The economically important styles of mineralization are:
- Sedimentary-rock-hosted sulphide veinlet/stockwork deposits typified by Chile Colorado;
- Breccia-hosted disseminated and veinlet sulphide deposits typified by Penasco-Azul; and
- Secondary oxide deposits.
Proven and probable reserves were estimated at 1,191.4 Mt for 17.8 Moz gold, 1,070 Moz silver, 7.2 Mlb lead and 15.9 Mlb zinc.
The Peñasquito Project is being developed by constructing a modern, world class open pit mine and metals extraction facility.
Access roads to the site have been improved and bypass routes around affected municipalities have been constructed.
Power has been brought in from the 400kV power line national grid and is transmitted at 400kV from the 400kV/400kV switchyard tap-in via a new overhead power line to the mine site main 400kV/69kV substation.
Process water is being obtained from groundwater wells developed on-site and supplemented from pit dewatering wells. The aquifers in the Cedros Basin (the groundwater basin containing Penasquito) have enough available water to provide 40 million m³ per year. The Penasquito project has received permits to pump up to 35 million m³ of this water per year.
Ore and waste is being mined using open pit mining utilizing four electric shovels, three large front end loaders, and a fleet of up to 57 diesel/electric haul trucks.
The major mining equipment currently on-site consists of four (4) Bucyrus 495HR electric shovels equipped with 55 cubic meter buckets, three (3) Komatsu WA 1200 loaders equipped with 26 cubic meter buckets, eight (8) Atlas Copco PV351 diesel blast hole drills and forty-four (57) Komatsu 930E (290 tonne rated load) haul trucks.
Support equipment including track dozers, rubber tire dozers, excavator, and graders are also on site.
The open pits (Penasco and Chile Colorado) will be mined in a series of 11 phases.
The mine will operate a total of 700 shifts per year with four mining crews working on a 4 on and 4 off rotation.
The sulphide ore will be processed at an initial nominal rate of 50,000 tpd and then, after expansion, to 130,000 tpd rate through a conventional crushing, milling and flotation facility.
Haul trucks deliver ore to a primary crusher; crushed ore is conveyed to a SAG mill, dual ball mill setup, and a pebble crusher facility.
In 2012, an in-pit crushing and conveying system is planned to be operational. This requires the installation and use of two similar size 10,000 tph nominal throughput in-pit crushers and associated conveyers. The crushing facility will initially consist of a single FFE 1524 x 2870 mm (60 x 113 in) gyratory crusher capable of operating at 92% utilization on a 24-hour-per-day, 365-days-per-year basis. A parallel in-pit crushing circuit will be designed and adapted to the current system as the pit develops and higher throughput scenarios are achieved.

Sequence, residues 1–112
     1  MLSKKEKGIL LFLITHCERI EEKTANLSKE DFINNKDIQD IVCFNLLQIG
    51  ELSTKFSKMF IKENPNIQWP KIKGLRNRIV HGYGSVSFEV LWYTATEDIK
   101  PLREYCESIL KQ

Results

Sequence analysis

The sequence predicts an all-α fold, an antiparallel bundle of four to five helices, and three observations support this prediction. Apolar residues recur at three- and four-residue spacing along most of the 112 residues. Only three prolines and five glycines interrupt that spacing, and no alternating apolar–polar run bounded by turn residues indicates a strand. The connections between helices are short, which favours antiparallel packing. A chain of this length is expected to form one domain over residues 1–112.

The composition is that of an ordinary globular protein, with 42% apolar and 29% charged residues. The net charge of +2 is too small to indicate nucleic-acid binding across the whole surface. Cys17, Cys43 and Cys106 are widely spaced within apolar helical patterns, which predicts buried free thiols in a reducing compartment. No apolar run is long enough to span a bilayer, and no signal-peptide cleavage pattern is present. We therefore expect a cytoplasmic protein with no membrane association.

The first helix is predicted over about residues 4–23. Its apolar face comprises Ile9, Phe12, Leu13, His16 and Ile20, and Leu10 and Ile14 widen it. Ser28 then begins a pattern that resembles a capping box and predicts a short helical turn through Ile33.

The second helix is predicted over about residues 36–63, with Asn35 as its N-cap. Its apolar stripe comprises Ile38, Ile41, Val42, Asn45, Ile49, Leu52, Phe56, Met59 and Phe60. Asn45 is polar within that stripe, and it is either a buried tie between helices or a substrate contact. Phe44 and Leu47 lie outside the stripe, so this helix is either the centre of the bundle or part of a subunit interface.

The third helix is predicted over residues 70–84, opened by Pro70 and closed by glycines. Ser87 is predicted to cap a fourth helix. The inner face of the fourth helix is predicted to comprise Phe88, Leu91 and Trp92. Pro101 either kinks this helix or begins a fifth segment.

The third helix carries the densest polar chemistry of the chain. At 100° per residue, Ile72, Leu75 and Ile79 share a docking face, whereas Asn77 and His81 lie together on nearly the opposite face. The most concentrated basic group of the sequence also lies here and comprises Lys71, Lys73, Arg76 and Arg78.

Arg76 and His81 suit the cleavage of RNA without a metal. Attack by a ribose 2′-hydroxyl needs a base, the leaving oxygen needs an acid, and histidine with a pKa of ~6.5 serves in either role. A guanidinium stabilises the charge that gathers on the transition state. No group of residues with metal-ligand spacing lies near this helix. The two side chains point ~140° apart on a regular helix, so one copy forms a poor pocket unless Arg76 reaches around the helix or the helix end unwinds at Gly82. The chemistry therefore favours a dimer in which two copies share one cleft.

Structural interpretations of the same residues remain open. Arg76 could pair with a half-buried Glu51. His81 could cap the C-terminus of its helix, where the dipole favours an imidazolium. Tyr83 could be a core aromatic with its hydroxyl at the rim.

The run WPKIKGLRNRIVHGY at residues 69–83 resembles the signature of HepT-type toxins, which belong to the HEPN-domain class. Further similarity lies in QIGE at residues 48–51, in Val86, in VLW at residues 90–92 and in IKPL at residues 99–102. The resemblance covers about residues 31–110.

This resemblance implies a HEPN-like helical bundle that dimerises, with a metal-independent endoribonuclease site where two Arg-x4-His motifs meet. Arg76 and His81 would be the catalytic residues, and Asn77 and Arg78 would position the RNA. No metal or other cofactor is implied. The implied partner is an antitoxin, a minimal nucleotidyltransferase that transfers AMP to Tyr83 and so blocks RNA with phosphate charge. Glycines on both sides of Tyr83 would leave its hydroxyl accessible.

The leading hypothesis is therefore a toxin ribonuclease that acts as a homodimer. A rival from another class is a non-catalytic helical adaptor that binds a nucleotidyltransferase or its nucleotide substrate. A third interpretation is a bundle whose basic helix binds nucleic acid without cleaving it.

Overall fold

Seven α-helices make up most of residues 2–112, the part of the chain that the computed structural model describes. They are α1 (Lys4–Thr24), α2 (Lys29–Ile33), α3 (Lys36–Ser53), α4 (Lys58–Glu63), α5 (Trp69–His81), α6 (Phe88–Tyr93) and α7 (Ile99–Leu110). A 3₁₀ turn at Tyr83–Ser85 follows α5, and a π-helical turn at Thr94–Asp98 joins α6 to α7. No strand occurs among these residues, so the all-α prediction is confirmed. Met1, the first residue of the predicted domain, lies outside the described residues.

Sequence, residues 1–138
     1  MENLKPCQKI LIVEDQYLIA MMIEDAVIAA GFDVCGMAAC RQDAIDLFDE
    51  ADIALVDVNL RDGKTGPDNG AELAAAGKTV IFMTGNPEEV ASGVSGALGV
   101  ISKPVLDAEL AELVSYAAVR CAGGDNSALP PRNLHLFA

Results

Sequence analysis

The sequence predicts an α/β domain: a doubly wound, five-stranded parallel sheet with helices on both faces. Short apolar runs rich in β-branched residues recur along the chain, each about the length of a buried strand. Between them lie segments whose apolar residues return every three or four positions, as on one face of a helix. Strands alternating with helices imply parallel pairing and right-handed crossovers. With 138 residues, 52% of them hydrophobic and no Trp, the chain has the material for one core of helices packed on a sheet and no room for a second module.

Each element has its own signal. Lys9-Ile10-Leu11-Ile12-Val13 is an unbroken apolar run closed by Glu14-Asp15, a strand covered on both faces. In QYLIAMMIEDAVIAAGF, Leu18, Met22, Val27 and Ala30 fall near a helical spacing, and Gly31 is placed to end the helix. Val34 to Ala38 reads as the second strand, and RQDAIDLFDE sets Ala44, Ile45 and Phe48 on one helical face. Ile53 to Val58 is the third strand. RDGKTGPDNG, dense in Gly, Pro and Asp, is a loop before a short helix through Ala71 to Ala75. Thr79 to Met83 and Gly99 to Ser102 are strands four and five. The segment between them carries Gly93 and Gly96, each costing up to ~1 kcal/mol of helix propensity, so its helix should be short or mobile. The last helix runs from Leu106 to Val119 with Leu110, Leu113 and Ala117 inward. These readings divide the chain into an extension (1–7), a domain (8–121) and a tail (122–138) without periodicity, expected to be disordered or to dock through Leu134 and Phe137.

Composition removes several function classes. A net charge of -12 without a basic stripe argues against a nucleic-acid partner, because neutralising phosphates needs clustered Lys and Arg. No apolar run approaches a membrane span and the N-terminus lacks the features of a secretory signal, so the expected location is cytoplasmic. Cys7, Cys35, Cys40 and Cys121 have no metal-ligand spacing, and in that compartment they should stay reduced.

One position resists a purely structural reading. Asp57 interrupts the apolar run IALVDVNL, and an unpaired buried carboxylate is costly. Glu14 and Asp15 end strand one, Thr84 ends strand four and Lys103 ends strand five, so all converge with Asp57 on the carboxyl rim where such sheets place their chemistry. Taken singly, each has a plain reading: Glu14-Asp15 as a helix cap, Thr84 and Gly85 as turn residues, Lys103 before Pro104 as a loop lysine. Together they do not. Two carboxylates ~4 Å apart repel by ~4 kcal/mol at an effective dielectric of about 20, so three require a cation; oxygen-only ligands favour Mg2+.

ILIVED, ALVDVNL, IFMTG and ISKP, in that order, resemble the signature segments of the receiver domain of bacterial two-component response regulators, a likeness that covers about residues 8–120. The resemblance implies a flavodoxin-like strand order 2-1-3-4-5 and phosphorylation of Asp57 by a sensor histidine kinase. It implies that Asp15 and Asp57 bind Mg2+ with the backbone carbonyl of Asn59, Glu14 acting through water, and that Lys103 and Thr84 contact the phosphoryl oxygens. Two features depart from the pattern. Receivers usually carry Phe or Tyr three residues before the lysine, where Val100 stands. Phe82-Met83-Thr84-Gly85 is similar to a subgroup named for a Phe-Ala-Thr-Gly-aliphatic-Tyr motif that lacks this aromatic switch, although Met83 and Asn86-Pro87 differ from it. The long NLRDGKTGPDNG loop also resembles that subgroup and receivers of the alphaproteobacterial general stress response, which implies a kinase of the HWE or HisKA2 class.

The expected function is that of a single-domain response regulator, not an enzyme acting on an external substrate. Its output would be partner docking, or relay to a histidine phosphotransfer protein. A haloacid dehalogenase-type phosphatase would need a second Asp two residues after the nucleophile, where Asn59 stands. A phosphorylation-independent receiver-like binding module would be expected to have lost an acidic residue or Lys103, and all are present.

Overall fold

A single 1.52m wide conveyor transports the reclaimed crushed ore from the stockpile and discharges directly into the SAG mill. A "wet spray" system and ventilation equipment will be installed in the reclaim tunnel to suppress dust in ore feed streams.
The two grinding circuits will operate in parallel at forecast 92% availability on a 24-hour-per-day, 365-days-per-year basis. Each grinding circuit will be designed to reduce the crushed ore from 80% passing 159 mm to 80% passing 125 microns. The FFE SAG mills operate in closed circuit with/without pebble crushers.
Two Sandvik CH880 crushers are installed for Line One, with provision to install up to four pebble crushers in total when Line Two is brought into production. The crushers will be choke fed with variable speed belt feeders. The 600 kW pebble crushers will be set to produce a P80 28mm product. The SAG pebble crusher product will be directed to Polysius 2.4m x 1.7m High Pressure Grinding Rolls (HPGR).
Ground and classified sulphide ore are being piped to the flotation circuit where the ore will be processed to produce a lead concentrate and zinc concentrate. Both concentrates will have gold and silver credits.
Dorr Oliver Eimco flotation machines have been selected for the lead flotation circuit. All rougher and cleaner cells are mechanically agitated (i.e. no flotation columns are used). Tailings from the lead circuit will flow by gravity to zinc rougher conditioner tanks. Tailings from all rows of zinc rougher cells will be combined in a tailings box and will then flow by gravity to a tailings pond.
The concentrate slurries are thickened and then dewatered using pressure filters.
The dewatered concentrates is being stockpiled before being loaded onto highway road vehicles for transport to in-country smelters and to ports for export to foreign smelters.
A stockpile will allow the mill to operate a scheduled 360 days per year.